Speaking of coaches — and not in a good way — within the confines of the Big Ten in 2018, former Ohio State coach Urban Meyer, who retired after the season, was suspended for the first three games for botching the handling of domestic violence allegations against an assistant. At Maryland, coach D.J. Durkin was suspended then fired following the practice-related death of lineman Jordan McNair and an investigation into the unsatisfactory state of the Terps program. These are a couple of dark moments that still leave a collective stain on the game.
Safety at all levels of football has become paramount in recent years, especially in the college game and specifically when it comes to a tackler leading with his head or making above the shoulder contact in the same manner. In 2013, the NCAA's Football Rules Committee passed a rule that players whistled for "targeting" would be ejected from the game and forced to miss further time, perhaps the most significant rules development in recent college football history.
Records are broken all the time, some more prominent than others. That's been true this decade. Some that stand out include the 427 yards Oklahoma's Samaje Perine ran for against Kansas in 2014 or Washington State's Connor Halliday (2014) and Texas Tech's Patrick Mahomes (2016) each throwing for 734 yards in a single contest. On the career front, Western Michigan's Corey Davis became the NCAA's all-time leader with 5,278 receiving yards (2013-16).
Is there such a thing as a pro-style quarterback anymore? And if so, what is the definition? It seems the more versatile the better, and that's been the trend throughout the decade. From stars like Cam Newton (Auburn) and Russell Wilson (Wisconsin) in the early portion of the 2010s to Kyler Murray (Oklahoma), Lamar Jackson (Louisville) and Jalen Hurts (Alabama/Oklahoma) later on, the run-pass option-favored offenses continue to be all the rage...until the next big thing comes along.
So having that do-it-all quarterback is an obvious reason why eight of the nine Heisman winners so far this decade have been quarterbacks. Led by Auburn's Newton, all these winners had the ability to shine with their arm and legs. Some, like Oklahoma's Murray's Baylor's Robert Griffin III and Louisville's Lamar Jackson, were the best of the best. Will that trend continue to close out the decade?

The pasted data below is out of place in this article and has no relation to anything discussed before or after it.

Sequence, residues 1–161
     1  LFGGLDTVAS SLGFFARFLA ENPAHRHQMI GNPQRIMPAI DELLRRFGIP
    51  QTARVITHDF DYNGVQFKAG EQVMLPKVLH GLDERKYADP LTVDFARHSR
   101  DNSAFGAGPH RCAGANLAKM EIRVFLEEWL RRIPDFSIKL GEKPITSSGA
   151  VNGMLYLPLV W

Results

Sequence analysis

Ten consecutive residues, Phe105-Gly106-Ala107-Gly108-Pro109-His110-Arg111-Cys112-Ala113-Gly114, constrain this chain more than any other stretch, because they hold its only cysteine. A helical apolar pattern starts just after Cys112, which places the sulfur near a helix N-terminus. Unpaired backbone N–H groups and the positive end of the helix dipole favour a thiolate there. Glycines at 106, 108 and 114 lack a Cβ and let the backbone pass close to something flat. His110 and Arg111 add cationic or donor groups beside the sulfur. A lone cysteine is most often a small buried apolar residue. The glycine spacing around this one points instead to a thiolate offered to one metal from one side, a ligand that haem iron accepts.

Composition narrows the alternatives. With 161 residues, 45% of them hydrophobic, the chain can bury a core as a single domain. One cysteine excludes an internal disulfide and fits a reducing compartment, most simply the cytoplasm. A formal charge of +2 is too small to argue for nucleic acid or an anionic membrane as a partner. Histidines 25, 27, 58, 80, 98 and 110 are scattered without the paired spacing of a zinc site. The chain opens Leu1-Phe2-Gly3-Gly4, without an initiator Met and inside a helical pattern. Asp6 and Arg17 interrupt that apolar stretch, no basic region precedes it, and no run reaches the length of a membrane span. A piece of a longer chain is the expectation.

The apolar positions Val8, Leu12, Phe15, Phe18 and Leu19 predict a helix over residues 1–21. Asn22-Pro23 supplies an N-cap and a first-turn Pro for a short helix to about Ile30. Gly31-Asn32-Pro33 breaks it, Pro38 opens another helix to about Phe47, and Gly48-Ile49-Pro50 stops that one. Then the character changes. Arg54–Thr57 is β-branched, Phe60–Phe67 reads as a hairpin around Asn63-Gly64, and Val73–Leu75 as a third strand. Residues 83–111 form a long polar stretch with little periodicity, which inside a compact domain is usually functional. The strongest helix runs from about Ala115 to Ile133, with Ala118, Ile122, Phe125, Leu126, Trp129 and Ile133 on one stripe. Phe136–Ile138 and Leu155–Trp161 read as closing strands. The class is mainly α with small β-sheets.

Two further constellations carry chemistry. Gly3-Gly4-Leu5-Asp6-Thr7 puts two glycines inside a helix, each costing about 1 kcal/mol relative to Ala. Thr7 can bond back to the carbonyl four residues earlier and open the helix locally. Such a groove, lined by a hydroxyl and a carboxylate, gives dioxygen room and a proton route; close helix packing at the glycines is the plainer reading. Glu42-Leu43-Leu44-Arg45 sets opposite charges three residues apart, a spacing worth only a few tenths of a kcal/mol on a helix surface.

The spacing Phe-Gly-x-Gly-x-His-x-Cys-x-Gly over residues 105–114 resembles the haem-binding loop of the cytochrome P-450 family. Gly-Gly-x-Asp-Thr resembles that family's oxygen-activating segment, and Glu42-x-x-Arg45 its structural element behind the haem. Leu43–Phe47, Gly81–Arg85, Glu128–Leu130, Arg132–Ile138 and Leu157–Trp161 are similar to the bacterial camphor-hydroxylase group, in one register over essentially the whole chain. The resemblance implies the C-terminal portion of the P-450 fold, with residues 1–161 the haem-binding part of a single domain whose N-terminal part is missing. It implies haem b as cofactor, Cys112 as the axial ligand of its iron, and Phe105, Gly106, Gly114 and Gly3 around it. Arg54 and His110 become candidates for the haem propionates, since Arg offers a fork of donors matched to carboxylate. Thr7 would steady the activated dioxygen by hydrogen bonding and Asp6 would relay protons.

It was wasn't long ago, in 2014, that Florida State was trying to repeat as national champion. Now the Seminoles just fired coach Willie Taggart in his second season and unthinkably can miss a bowl for two straight years. Joining FSU on the downtrend is UCLA, which finally has shown improvement under Chip Kelly but has just one bowl berth in the past three seasons. Meanwhile at Nebraska, favorite son Scott Frost has the Cornhuskers in danger of going three consecutive years without a bowl.
Notre Dame has not won a national title since 1988; however, the program put itself in position for more national glory during the 2010s. Twice this decade (2012 and '18), the Irish, under coach Brian Kelly, went 12-0 during the regular season. They played solid defense and were above average offensively but ran into potent outfits in Alabama (in the national championship game) and Clemson (in the semifinals), respectively.
In 2010 Clemson made a bowl but finished 6-7. Since then the Tigers have won at least 10 games every season. Oh yeah, Dabo Swinney's program has also won two of the last three national championships and played for a title in three of the last four. The Tigers boast three of the game's best coordinators in DC Brent Venables and co-OCs Tony Elliott and Jeff Scott. Entering the slate of Nov. 9, 2019, Clemson has won 28 straight regular-season games.
We know Clemson's program is at an elite level, but it's also the class of the ACC — by far. While various factions of the college football fandom love when teams from the mighty SEC fail, especially in big games, there is still no denying that conference remained king the 2010s. Five of nine national champs so far in the decade came from the SEC, and all but once (2014) has the league had a representative in the title game — and twice had two.